Backbone and team ethic – Pompey need Danny Hollands

Danny Hollands. Picture: Joe Pepler
Danny Hollands. Picture: Joe Pepler
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Akos Buzsaky was shown the door after being unwilling to sit on Pompey’s bench.

Izale McLeod was once relegated to the role of Blues substitute having been unhappy with a request to serve in an unfamiliar wide position.

As for Tal Ben Haim, he flew back to Israel for two months to receive treatment on an injury the Fratton Park medical staff could not locate.

He returned rejuvenated – two weeks before the scheduled FA Cup final against Chelsea in 2010.

Then there is Danny Hollands.

And how Pompey need to keep professionals like him if they are to finally earn promotion next season.

The midfielder suffered ligament damage in Pompey’s semi-final first-leg against Plymouth last month.

Many felt Gary Sawyer’s ugly challenge warranted a red card rather than the yellow ultimately brandished.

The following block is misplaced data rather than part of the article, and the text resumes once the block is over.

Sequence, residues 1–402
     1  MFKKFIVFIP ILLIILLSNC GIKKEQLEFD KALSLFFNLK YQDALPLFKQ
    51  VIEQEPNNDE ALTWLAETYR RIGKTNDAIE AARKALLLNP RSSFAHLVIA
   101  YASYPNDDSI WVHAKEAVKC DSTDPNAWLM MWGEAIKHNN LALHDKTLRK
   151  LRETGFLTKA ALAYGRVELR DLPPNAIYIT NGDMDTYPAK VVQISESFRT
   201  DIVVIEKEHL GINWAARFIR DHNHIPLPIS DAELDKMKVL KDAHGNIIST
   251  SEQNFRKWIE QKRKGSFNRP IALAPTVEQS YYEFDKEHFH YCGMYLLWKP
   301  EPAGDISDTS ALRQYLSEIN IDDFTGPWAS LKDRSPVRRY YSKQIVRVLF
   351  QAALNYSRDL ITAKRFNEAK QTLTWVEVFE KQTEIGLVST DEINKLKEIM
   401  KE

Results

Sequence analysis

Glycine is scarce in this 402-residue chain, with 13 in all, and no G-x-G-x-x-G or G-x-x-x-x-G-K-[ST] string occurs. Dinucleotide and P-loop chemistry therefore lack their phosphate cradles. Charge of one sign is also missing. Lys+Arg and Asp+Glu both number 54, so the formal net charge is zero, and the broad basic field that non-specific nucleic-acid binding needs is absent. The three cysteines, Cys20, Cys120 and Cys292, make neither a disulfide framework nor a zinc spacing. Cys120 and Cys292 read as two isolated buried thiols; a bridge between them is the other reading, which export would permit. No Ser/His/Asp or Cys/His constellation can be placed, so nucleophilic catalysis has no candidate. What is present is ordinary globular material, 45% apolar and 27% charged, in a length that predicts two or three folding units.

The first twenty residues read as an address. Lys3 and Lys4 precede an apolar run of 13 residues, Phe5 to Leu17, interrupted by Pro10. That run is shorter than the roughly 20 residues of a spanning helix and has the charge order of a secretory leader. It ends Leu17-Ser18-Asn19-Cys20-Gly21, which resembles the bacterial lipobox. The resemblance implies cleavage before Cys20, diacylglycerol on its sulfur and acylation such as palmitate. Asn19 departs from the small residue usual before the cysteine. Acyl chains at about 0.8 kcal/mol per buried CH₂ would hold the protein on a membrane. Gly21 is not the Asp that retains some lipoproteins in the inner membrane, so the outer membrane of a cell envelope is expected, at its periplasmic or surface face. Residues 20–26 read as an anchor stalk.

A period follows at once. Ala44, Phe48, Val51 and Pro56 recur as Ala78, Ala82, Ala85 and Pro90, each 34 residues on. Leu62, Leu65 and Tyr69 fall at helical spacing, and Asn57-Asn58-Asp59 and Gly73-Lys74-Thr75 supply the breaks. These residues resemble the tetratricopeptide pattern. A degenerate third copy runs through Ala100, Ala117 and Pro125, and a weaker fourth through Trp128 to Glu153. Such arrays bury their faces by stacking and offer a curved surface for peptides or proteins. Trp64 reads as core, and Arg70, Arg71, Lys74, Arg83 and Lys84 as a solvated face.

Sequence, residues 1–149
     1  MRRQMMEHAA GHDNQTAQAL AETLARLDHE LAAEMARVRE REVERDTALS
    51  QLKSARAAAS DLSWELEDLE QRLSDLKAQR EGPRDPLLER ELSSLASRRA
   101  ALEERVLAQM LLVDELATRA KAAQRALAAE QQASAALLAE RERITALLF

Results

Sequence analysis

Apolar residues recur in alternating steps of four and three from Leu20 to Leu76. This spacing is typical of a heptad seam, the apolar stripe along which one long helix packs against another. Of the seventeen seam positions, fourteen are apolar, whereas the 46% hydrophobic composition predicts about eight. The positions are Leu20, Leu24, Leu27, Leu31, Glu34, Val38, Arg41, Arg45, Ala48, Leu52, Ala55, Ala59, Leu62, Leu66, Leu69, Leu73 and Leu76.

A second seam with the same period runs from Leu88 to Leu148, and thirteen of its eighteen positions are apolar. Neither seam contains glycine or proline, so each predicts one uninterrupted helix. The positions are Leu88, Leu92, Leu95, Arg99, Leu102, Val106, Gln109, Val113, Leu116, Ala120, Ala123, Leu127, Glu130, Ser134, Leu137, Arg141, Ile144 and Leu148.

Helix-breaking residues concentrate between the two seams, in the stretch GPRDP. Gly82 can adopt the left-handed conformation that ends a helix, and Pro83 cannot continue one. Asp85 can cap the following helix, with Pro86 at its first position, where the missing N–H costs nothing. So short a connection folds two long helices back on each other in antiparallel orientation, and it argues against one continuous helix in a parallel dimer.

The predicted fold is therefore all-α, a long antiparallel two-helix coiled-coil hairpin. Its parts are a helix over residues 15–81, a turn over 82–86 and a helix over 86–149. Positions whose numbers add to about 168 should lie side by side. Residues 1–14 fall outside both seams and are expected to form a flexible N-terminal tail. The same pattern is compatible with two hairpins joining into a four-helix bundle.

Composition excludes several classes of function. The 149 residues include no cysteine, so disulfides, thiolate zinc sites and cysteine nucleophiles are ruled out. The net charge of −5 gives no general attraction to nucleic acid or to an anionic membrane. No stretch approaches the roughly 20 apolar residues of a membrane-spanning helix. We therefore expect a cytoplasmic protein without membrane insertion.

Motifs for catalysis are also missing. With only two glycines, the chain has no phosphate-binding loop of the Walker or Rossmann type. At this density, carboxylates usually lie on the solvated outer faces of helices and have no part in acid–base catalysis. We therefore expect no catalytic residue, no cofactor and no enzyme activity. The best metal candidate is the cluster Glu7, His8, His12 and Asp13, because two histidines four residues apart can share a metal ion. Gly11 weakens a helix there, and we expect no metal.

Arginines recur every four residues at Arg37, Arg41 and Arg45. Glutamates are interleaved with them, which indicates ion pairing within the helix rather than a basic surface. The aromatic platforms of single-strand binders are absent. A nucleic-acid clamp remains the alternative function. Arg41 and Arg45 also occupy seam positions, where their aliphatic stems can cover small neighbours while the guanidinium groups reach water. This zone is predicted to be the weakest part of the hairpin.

Some 72 hours later and Hollands was again in action, shrugging off the agony in his left ankle to retain his place.

The result for Pompey was the end of promotion hopes – the outcome for Hollands is he is unlikely to play before August.

The 30-year-old volunteered to play through the pain, the drive for Wembley overpowering any personal discomfort.

There was no intention to quit in the interests of self-preservation, as other footballers have done through the Fratton Park decades.

Instead, Hollands was required to keep intact the midfield partnership with Michael Doyle which had been the heartbeat of a sixth-place finish in League Two.

After 44 minutes he left that Home Park pitch having exacerbated his ankle problem.

The ligament had come away from the joint, a sliver of bone was left floating inside.

He subsequently underwent the surgeon’s knife and yesterday had the cast removed as he inches towards a return to football.

Out-of-contract yet wanted by Paul Cook, talks are ongoing with chief executive Mark Catlin and finance director Tony Brown.

Hollands, who lives in Fontwell, is eager to remain, prepared to take a pay cut to achieve it.

The ex-Charlton man has been at Fratton Park since March 2014 and is a prized pro, low maintenance, good around the club and fully committed.

Crucially, Cook can trust him.

Pompey’s squad clearly requires summer repair work if it is leave League Two.

And it needs players possessing the backbone of Hollands to achieve it.